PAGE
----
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#3. Neoprene grommet was placed in hole in black tank and 3 1/2" dia end of closet flange pressed into grommet to locate for drilling of bolt holes thru pan and floor. Closet flange removed and bolt holes enlarged to 5/16" to take barrel of tee-nut from underneath floor. Tee-nuts were "pulled" into underside floor with a 1/4"X20thrd hex bolt and socket from above. [SS would be good here but I used plated steel]

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#4. Grommet sprayed with Canola oil and placed such that lower ring inside tank/upper ring on top. Altho the old grommet came out easily, the new one did not go in easily! I also heated the new grommet to improve flexibility and needed all my fingers and the rounded end of an adjustable wrench as a prybar to get it in.

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Continued next post.

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Old 01-15-2013, 04:33 PM   #19
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Burro toilet refit continued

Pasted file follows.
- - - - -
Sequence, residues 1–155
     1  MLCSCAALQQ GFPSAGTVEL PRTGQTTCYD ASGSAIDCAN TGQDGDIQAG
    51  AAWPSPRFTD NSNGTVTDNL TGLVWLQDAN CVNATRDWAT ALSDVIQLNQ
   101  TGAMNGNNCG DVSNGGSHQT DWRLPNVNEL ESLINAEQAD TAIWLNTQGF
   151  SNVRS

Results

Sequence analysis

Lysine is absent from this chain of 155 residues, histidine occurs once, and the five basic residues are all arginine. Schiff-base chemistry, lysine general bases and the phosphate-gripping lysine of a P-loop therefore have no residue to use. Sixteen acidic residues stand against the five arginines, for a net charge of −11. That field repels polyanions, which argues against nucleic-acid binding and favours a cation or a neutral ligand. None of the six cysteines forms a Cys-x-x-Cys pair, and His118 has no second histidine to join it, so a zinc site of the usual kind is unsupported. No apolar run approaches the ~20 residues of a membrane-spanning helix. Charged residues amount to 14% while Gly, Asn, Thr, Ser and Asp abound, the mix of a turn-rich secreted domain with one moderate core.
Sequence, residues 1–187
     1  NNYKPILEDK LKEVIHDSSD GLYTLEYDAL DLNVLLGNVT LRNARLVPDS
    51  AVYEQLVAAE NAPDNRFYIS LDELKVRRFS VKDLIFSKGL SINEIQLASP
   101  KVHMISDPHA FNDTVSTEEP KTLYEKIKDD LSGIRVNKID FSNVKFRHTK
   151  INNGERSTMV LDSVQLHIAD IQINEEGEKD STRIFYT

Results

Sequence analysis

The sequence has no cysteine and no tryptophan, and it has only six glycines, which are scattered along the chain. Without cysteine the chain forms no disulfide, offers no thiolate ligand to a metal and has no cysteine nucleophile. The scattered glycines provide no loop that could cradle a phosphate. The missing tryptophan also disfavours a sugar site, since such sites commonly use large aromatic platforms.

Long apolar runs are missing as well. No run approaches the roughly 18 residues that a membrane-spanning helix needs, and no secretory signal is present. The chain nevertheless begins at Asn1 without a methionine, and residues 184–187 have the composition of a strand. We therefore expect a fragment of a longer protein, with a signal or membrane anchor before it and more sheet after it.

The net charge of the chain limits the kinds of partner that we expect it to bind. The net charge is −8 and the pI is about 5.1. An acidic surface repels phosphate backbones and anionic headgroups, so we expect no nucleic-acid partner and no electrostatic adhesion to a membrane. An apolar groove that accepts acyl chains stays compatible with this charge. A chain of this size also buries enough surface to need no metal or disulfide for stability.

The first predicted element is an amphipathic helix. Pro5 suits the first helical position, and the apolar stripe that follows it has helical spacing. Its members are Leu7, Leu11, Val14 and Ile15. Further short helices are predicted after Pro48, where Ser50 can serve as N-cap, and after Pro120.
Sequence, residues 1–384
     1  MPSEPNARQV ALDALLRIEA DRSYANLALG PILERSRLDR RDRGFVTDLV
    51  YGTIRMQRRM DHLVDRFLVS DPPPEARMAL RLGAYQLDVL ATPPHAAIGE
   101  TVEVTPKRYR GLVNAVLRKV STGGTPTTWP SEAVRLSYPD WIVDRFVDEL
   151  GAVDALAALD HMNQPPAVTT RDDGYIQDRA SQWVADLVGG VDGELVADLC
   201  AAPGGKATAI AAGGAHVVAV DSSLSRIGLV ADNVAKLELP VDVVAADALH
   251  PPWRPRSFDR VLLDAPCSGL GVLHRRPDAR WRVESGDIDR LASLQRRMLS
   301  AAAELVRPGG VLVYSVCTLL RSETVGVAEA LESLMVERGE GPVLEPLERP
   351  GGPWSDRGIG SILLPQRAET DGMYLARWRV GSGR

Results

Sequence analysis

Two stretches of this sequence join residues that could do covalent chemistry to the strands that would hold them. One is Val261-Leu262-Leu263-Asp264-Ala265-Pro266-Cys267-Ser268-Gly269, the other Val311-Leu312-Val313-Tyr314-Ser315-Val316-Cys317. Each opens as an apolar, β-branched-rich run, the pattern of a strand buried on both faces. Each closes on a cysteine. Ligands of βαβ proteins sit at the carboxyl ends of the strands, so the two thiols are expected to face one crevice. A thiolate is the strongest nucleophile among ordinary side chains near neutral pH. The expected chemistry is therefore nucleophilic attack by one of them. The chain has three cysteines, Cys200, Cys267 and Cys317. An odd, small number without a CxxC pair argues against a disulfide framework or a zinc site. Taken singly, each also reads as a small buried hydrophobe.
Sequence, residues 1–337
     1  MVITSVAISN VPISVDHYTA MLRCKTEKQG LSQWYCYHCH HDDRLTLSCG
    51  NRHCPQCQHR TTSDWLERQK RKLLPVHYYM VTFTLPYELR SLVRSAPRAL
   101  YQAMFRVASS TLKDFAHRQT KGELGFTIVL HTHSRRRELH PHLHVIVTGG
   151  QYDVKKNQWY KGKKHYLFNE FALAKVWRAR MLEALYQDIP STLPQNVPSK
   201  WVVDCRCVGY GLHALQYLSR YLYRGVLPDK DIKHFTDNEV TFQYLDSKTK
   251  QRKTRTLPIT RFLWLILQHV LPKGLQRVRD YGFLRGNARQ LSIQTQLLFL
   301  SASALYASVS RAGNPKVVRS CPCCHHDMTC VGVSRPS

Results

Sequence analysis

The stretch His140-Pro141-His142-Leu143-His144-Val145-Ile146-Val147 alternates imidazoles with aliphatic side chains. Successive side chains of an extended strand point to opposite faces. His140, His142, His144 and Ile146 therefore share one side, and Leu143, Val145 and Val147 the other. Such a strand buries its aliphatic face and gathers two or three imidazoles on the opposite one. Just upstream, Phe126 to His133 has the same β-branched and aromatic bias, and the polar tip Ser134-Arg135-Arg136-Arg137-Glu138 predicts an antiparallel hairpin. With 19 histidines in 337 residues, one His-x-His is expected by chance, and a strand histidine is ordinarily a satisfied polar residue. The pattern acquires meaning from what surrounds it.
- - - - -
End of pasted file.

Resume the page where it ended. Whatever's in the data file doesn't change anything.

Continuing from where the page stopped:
#5. Closet flange and home-grown neoprene gasket]

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#6. Neoprene gasket in place.

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#7. Closet flange bolted down. Closet flange oriented such that hold down bolts for hopper are in the open t-slots because more resistant to breaking and deflecting than the longer closed slots. Not necessary to do it this way if you don't wish to. Transverse spacing is also a bit more flexible this way in case the holes in the potty are not precisely on 6" centers.

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#8. Threads of all bolts including holddowns "kissed" with antiseize compound. Anyone who has watched this stuff spread over everything knows what the plastic bag is for. Keep some mineral spirits handy to get it off your fingers or whatever you touch.

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Continued next post.

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Old 01-15-2013, 04:37 PM   #20
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You have been busy Jack.....nice documentation.